The Venezuelan government said it will knock five zeros off its currency — the bolívar — instead of the three it had planned. According to Financial Times, the decision is a move to keep up with hyperinflation, which the International Monetary Fund (IMF) predicts will hit 1,000,000 percent this year.
In a televised address, President Nicolás Maduro said the new bank notes would begin circulating on Aug. 20. However, experts say that the new bills won't be worth much. At the current rate of inflation, which the country's National Assembly (or congress) estimated at an annualized 46,305 percent in June, the highest denomination bill would be worth only $6 by the end of August. At the end of 2018, it would be worth 20 cents.
“Taking zeros off the currency doesn’t improve people’s salaries,” said Ángel Alvarado, an economist and opposition member of congress. “It also doesn’t stop price rises.”
It is estimated that there are around 20 billion bank notes in circulation in Venezuela, many of them worthless, which will be withdrawn from next month. Maduro said the new “sovereign bolívar” would be tied to the petro, a state-controlled cryptocurrency he launched this year that is supposedly backed by Venezuela’s huge oil reserves.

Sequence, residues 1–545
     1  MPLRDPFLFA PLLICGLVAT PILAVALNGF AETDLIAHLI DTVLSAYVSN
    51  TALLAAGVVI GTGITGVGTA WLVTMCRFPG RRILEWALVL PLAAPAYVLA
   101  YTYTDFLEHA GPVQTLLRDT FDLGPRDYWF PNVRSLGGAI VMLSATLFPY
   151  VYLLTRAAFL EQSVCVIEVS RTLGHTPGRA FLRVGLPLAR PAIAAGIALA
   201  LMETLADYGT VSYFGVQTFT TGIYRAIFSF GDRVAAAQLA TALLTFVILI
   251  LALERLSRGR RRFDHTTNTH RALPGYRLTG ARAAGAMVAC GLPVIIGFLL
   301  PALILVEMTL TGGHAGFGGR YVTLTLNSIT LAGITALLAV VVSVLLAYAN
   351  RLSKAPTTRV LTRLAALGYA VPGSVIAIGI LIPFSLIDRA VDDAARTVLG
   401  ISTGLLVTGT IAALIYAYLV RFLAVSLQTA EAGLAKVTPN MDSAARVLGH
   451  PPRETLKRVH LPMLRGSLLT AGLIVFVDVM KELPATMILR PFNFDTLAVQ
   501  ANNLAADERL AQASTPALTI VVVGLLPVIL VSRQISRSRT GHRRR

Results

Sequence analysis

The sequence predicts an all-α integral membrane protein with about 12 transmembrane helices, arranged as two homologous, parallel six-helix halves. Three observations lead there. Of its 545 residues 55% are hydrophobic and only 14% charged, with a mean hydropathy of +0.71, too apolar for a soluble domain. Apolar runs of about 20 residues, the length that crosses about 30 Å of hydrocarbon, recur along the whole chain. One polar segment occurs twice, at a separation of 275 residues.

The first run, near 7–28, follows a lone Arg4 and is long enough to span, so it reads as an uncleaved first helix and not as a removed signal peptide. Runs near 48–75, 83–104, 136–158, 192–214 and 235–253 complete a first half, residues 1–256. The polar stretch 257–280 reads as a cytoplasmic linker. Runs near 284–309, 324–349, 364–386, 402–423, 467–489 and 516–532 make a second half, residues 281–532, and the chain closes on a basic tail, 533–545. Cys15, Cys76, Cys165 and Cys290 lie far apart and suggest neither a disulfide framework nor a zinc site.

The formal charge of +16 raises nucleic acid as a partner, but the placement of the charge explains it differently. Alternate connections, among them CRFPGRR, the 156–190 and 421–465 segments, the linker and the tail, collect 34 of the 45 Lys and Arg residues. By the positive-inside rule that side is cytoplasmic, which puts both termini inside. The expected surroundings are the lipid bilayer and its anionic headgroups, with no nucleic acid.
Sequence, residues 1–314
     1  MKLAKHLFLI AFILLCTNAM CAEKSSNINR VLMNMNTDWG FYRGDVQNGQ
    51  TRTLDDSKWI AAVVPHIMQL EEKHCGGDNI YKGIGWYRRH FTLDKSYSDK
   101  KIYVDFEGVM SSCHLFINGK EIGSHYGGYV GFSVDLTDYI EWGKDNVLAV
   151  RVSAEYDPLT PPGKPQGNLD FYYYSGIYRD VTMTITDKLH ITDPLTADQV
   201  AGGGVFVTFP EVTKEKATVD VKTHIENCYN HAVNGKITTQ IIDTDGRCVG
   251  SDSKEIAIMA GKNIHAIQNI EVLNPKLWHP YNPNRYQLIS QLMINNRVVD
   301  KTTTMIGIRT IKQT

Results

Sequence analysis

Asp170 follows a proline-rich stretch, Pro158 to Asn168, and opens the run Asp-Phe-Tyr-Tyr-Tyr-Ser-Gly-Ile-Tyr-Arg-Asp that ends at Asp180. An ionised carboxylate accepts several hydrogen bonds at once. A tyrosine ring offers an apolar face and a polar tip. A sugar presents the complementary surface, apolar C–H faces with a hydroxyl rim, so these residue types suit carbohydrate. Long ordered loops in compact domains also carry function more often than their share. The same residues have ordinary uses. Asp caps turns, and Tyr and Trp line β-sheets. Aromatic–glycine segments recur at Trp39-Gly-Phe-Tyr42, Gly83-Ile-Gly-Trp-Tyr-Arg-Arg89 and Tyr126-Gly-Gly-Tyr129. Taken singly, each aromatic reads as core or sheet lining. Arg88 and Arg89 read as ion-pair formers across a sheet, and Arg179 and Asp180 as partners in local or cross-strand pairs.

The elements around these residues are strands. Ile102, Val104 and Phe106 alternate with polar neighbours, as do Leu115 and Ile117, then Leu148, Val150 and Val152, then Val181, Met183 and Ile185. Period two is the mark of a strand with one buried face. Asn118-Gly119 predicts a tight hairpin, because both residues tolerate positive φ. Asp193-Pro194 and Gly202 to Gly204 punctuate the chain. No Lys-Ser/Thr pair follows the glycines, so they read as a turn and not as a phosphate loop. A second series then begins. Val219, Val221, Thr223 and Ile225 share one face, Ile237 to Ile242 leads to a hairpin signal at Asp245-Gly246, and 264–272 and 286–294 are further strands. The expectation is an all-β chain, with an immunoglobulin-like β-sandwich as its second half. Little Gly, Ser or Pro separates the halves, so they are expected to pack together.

Back in February, Maduro claimed that the country sold $735 million of its “petro” cryptocurrency during Day One of its presale. Maduro did say “petro” could be used for tourism, gasoline or oil transactions, and he has been touting the cryptocurrency.
He said in an announcement on state television, “Today, a cryptocurrency is being born that can take on Superman.”
Francisco Rodríguez, an economist and expert on Venezuela at Torino Capital investment bank in New York, said, “Since there is no market for it, there is also no market price for the petro, so it is difficult to understand what anchoring to it would mean. The Venezuelan government retains the capacity to print petros. This makes anchoring the bolivar to the petro not that different from anchoring the bolivar to itself.”